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Selling McCarley Gardens

Bigwigs unveil big plans for the Fruit Belt

For two and a half hours on Saturday afternoon, a crowd of about 200 people comprising neighborhood residents, members of the religious community, UB and Kaleida Health representatives, architects, and a city court judge unveiled plans that have been developing over the past five years to transform the East Side of Buffalo. Bishop Robert Sanders opened Saturday’s Fruit Belt & Eastside Redevelopment Project Forum and Informational Meeting with a prayer, asking God to help facilitate the plan that will possibly require over $100 million dollars in public funds to become a reality. “Anything has to be built on truth,” he told the gathering.

UB Law School grad and City Court Judge James A. W. McCleod, who also serves as vice chair of Great Lakes Health, and sits on the board of Kaleida Health, described how former Kaleida CEO William D. McGuire and Reverend Michael Chapman of St. John Baptist Church came together years ago to discuss some possibilities for the real estate currently occupied by McCarley Gardens. McCarley consists of 150 units of moderate-income, HUD-subsidized housing situated on 15 acres of land adjacent to the Buffalo-Niagara Medical Campus. As Chapman began to “run with the ball,” UB became involved. One facet of the ambitious plan calls for building a new UB campus in the proposed medical corridor to house the departments of Medicine, Nursing, Public Health, Dentistry, and Pharmacy, which are currently located further up Main Street at the UB South Campus.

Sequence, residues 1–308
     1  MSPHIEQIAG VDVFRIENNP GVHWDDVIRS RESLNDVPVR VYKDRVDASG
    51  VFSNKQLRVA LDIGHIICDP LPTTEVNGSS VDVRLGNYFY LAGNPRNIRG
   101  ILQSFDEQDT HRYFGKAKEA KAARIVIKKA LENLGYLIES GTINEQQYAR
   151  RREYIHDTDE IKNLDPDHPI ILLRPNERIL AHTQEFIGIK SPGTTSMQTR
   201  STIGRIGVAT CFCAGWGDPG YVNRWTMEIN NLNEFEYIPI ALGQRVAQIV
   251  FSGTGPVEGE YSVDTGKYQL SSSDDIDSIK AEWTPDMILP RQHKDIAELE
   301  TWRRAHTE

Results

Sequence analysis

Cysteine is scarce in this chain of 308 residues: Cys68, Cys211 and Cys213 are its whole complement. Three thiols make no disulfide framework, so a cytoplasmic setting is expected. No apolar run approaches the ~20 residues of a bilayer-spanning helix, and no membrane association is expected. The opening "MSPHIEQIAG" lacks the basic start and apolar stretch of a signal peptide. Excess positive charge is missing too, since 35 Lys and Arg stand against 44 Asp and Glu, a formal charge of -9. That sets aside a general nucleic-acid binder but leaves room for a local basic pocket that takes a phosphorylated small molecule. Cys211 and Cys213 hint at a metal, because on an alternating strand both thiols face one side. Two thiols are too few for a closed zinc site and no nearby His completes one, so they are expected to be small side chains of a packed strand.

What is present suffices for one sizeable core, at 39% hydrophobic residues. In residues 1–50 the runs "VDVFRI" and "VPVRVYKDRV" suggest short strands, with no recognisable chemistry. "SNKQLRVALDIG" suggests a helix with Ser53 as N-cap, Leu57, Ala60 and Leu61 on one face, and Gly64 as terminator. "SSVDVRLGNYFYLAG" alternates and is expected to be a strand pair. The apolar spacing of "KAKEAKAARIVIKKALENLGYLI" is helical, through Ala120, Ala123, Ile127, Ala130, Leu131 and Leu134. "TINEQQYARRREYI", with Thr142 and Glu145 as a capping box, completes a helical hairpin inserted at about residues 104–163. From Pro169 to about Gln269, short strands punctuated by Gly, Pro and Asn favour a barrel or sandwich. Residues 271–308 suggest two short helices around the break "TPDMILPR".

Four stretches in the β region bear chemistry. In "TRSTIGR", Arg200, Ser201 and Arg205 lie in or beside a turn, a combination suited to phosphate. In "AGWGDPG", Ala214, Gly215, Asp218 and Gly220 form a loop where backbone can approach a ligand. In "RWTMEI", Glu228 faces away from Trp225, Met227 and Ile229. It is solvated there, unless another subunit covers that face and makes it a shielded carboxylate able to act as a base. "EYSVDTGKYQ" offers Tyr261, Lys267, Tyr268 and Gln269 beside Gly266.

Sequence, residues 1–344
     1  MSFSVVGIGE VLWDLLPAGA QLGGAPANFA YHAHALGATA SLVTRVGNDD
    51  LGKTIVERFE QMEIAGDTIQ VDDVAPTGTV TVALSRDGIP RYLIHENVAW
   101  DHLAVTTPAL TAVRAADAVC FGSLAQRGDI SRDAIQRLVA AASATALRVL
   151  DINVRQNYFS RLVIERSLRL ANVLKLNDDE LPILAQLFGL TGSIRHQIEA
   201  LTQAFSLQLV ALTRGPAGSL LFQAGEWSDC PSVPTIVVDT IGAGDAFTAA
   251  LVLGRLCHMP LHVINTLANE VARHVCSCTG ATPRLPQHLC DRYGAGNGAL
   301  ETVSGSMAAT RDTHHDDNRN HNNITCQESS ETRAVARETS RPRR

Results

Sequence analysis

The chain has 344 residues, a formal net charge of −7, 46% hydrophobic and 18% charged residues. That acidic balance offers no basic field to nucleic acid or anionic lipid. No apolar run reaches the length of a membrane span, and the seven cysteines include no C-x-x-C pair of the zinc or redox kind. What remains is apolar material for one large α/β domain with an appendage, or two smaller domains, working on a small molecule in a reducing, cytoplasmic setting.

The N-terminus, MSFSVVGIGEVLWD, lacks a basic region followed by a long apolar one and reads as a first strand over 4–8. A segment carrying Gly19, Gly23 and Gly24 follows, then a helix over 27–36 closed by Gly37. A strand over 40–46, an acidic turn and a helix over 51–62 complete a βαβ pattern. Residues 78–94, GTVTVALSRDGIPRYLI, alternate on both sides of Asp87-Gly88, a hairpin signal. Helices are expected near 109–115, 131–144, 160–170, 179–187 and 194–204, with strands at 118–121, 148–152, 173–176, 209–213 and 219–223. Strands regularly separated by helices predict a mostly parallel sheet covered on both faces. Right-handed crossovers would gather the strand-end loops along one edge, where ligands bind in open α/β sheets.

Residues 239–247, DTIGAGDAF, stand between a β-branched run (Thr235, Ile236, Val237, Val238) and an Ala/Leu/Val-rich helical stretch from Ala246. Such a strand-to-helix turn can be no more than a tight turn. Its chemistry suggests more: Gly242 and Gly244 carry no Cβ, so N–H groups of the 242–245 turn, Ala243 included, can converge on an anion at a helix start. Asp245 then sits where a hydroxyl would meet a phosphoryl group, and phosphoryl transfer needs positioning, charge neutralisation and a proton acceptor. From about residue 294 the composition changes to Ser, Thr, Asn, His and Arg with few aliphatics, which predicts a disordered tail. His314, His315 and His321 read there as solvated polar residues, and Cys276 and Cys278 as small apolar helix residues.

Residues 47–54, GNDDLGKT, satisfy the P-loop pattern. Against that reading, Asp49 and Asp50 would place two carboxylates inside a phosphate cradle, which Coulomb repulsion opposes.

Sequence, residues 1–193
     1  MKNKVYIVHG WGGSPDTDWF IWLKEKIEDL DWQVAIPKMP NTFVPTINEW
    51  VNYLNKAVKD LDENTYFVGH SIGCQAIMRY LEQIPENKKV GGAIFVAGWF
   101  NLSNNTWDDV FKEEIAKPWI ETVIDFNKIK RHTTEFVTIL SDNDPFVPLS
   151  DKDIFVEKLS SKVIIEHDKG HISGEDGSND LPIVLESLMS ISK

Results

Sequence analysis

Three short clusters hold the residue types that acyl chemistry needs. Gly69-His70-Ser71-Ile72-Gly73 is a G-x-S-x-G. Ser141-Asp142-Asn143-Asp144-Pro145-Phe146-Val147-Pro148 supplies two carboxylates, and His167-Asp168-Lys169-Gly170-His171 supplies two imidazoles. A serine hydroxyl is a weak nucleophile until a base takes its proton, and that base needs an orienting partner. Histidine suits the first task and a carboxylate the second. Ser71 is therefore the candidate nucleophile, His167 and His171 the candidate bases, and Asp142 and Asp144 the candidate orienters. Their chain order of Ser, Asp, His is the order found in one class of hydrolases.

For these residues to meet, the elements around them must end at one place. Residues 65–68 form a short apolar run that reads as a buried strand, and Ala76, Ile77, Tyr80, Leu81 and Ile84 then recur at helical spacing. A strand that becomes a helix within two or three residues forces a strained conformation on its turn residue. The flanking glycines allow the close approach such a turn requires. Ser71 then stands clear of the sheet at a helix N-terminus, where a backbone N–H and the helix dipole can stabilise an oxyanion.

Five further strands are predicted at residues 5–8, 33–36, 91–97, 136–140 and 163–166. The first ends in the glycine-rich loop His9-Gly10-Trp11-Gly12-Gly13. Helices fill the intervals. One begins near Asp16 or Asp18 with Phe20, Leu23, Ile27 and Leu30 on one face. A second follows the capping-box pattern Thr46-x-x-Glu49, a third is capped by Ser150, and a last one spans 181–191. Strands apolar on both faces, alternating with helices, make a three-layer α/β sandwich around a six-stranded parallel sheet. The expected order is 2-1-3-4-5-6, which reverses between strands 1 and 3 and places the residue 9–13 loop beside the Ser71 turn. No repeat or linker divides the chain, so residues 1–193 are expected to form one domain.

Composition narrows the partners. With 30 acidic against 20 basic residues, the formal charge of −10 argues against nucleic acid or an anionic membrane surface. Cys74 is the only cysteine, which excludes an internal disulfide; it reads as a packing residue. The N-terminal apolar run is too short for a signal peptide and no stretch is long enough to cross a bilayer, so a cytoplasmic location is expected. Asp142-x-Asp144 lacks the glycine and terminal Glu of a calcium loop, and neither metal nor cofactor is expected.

Reverend Chapman described the proposed projects as “unprecedented in the country,” and said they would need help from the federal government, as well as passage of the UB2020 legislation at the state level. For help there he credited Representative Louise Slaughter and Senator Charles Schumer, as well as lobbyists Victor Martucci and former Buffalo mayor Anthony Masiello, of Government Action Professionals.

Speaking to concerned residents of McCarley Gardens, Reverend Richard Stenhouse, representing the Jeremiah Partnership, and Reverend Chapman, echoed the sentiment that in order for there to be progress, somebody has to sacrifice. Many in the audience were unmoved. This past summer, the Jeremiah Partnership gummed up the plans of a Cleveland developer that had wanted to build on the East Side. At the time, Stenhouse said he was against scattered site development. However, the current McCarley Gardens relocation plan developed by Foit-Albert Associates would scatter residents over 22 blocks. Moreover, it would only be creating living space that already exists in the form of the current residences at McCarley, which are only 30 years old.

Representatives from SLR Contracting and Service Company, Inc.—a local minority-owned construction company whose president is Sundra Ryce, who also serves on the board of Great Lakes Health—and architectural firm Hannah Murano exhibited drawings and plans for the new developments. These would include a subterranean youth recreational facility including a pool, gymnasium, and running track. High Street would be rebuilt with mixed-use shops and living spaces, with fountains punctuating the new gateway to the East Side. “It will look better than Elmwood and Hertel,” attendees were told.

Still, many McCarley residents were visibly upset. Reverend Chapman reminded them, “We’re the landlords of McCarley. We’ve made it so good, you don’t want to move. But we have a viable opportunity to provide you with alternative housing.”

The plan could unfold over the next 10 years.

buck quigley

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